Yes, unfortunately this continues to hold true in too many schools. But this is also why I have been a consistent supporter of Common Core standards, which have become synonymous with testing in some people’s minds. Yet the Common Core standards provided us an opportunity to move away from test prep, because they are fundamentally about building student knowledge and academic vocabulary through engagement with rich and complex texts — this is the exact opposite of test prep!

This speaks to the problem of making state tests so high stakes, and why we need multiple measures, such as direct observation, to hold schools accountable. It also is the reason for why I would advocate for the seemingly radical measure, as per above, of communicating which texts would be assessed that year so that “test prep” instead would simply be about reading and studying and discussing the rich texts that were selected for that year’s assessment.

Yes, it can be inhumane when a student is several years behind in reading ability or struggles in coping with anxiety and stress.

While computerized testing brings a whole new set of problems, I do believe we should move in this direction, because with computerized testing, we can use adaptive testing that can better scale to meet a student where they are. Otherwise we end up punishing students who are struggling, for whatever reason. Unfortunately, the needs of students with disabilities never seem to be factored into test design except as a final consideration, rather than from the ground up.

But there’s another side to this, too. I think we have to ask ourselves, as a teacher, a school, and a system, how do we prepare all of our students to be able to engage with a challenging text independently? And in what ways are we sequentially building their knowledge and skills and vocabulary in order to prepare them for doing so? It is the failure to do so systematically and adequately that we are failing students who most need those skills and knowledge.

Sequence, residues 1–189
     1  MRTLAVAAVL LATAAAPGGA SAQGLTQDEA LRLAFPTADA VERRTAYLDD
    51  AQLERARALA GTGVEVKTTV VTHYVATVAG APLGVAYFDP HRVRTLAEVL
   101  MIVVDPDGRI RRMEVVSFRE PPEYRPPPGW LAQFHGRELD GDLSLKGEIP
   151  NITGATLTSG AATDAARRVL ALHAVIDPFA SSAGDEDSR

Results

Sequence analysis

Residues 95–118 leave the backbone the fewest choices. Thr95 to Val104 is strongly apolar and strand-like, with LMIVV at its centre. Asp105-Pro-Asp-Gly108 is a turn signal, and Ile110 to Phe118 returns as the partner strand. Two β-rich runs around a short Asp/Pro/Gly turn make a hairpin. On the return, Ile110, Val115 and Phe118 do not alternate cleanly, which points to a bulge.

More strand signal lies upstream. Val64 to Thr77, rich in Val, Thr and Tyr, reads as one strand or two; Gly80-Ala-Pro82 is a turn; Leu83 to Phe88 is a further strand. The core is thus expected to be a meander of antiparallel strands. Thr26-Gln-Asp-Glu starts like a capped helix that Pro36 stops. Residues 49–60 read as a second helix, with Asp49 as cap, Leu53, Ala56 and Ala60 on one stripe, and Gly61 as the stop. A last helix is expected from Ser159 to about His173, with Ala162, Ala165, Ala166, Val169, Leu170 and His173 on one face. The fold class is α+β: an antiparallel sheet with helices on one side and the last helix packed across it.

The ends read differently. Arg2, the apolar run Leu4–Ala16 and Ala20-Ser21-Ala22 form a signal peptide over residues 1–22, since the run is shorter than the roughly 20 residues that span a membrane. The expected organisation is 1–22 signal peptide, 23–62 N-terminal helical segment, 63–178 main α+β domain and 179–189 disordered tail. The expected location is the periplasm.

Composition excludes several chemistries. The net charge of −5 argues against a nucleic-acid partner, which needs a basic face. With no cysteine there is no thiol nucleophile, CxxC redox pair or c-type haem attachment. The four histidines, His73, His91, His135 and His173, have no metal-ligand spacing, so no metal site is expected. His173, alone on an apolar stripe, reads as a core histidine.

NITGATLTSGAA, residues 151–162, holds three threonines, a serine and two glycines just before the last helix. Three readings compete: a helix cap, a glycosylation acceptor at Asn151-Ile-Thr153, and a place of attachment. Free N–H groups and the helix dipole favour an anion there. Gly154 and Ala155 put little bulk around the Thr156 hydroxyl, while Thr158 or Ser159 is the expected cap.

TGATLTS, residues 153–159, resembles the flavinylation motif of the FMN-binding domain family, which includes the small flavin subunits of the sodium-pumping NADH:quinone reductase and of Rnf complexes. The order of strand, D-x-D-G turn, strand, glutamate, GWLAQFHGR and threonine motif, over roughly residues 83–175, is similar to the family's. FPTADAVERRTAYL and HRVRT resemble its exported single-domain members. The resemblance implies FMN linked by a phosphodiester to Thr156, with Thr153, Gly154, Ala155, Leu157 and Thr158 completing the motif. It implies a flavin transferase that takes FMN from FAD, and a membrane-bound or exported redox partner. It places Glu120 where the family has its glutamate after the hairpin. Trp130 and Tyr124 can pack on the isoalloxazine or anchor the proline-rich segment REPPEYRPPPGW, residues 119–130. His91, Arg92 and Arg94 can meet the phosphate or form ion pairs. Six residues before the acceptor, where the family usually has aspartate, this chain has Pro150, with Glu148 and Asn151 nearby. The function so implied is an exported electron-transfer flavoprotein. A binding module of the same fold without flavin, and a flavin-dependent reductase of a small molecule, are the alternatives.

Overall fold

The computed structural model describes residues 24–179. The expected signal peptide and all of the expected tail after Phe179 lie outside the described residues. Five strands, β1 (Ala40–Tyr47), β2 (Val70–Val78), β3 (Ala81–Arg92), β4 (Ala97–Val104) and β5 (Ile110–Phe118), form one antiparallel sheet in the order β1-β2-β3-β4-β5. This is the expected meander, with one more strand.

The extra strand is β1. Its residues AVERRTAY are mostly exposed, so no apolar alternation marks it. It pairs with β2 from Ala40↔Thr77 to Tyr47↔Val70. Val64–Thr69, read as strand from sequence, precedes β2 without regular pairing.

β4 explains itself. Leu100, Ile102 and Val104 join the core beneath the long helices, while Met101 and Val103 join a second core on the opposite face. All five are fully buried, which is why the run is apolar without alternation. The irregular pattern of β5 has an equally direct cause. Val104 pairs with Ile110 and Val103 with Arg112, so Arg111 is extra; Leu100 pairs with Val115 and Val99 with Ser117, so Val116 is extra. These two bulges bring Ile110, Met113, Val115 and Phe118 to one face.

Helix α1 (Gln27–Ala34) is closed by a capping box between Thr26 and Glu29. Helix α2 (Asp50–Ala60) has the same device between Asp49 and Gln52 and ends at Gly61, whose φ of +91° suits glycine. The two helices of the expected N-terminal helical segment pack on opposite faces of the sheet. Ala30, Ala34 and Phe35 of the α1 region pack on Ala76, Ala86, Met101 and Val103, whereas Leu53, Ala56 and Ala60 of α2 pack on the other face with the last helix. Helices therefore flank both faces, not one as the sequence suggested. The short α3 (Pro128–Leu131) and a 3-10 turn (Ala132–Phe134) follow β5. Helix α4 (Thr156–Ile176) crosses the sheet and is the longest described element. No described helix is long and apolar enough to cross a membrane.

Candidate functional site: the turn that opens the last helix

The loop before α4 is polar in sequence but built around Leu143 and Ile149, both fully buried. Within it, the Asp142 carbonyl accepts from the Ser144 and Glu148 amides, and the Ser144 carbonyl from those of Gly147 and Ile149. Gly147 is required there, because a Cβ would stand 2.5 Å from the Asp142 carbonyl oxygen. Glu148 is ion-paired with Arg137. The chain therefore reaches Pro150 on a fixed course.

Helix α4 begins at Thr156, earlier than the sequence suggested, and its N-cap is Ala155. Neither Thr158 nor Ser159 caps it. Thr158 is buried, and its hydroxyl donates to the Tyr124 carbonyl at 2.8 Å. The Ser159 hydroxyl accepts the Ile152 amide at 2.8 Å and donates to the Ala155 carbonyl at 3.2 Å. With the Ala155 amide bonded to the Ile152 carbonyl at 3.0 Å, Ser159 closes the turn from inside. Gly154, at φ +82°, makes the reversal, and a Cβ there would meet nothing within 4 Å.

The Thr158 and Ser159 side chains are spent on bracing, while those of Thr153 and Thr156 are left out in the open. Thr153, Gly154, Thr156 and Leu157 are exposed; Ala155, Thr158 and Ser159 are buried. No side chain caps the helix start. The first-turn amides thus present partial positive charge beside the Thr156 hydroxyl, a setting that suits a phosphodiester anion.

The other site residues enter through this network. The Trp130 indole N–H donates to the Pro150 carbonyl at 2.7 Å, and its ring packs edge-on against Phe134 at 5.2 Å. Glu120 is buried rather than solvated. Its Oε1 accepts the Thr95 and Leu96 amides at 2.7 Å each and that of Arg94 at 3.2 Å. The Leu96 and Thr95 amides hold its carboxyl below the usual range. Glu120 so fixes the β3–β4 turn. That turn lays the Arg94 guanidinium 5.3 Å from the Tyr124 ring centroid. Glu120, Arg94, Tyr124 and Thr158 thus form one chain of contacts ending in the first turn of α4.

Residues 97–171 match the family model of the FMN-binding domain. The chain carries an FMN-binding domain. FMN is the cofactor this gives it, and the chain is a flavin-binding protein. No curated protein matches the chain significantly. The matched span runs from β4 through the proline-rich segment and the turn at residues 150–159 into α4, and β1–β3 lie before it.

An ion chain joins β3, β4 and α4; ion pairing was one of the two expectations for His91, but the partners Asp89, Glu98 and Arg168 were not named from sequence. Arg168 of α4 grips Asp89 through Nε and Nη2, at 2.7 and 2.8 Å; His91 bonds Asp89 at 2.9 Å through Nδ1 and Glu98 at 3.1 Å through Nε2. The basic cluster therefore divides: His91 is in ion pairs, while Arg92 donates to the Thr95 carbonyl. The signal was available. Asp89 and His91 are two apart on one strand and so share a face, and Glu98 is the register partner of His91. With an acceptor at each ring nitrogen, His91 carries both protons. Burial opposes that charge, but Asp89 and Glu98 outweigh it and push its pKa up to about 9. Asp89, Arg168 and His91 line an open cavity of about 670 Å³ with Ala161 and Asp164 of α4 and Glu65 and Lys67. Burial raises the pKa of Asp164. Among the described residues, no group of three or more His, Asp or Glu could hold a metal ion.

Pearson is out of the picture, in case you didn’t know. I have no idea what Questar tests will be like, though I imagine they will be comparable.

From what I’ve heard, PARCC assessments are far superior to the cheaper assessments NY decided to get from Pearson. I think we get what we pay for, and if we want better test design, we have to be willing to fund them.

Personally, I think if we’re going to just use tests for accountability purposes, then we could make them every 2 or 3 years instead of every year to save money, and they could still continue to be used for that purpose.

What would be awesome is if we could move more towards performance based assessment. There’s a great article on them in the most recent American Educator. This seems like the right direction to go in if we truly interested in assessing the “whole child.”

Well, don’t know if all of this fully says everything I would like to say about testing, but I’m seriously tired after a long week, so this will have to do.

WiffleCardenal, whoever you are, thank you holding me accountable and I welcome continued critical dialogue on these issues.

* This was after a long day of a train ride from NYC and meetings with legislators, so I apologize for my shiny face. Won’t apologize for the winter beard, however. And no, I was not paid for that interview nor given a script. As ever, I speak my own mind (or so I like to think. Certainly let me know if it ever seems like I don’t).

The Gap Starts at the Top

In essence, we have upper-middle class white people who usually live in predominantly affluent, white communities controlling the educational options of millions of disenfranchised black and brown children who usually live in impoverished, racially segregated communities.

Why then are we baffled that, despite our well-intended reforms, there’s such a persistent achievement gap between black and white children?

The gap starts at the top and cascades, not trickles, down.

—Marilyn Rhames, “Black Like Them: Why a ‘Surge’ of Color Could Change the Face of Ed Reform” on Ed Post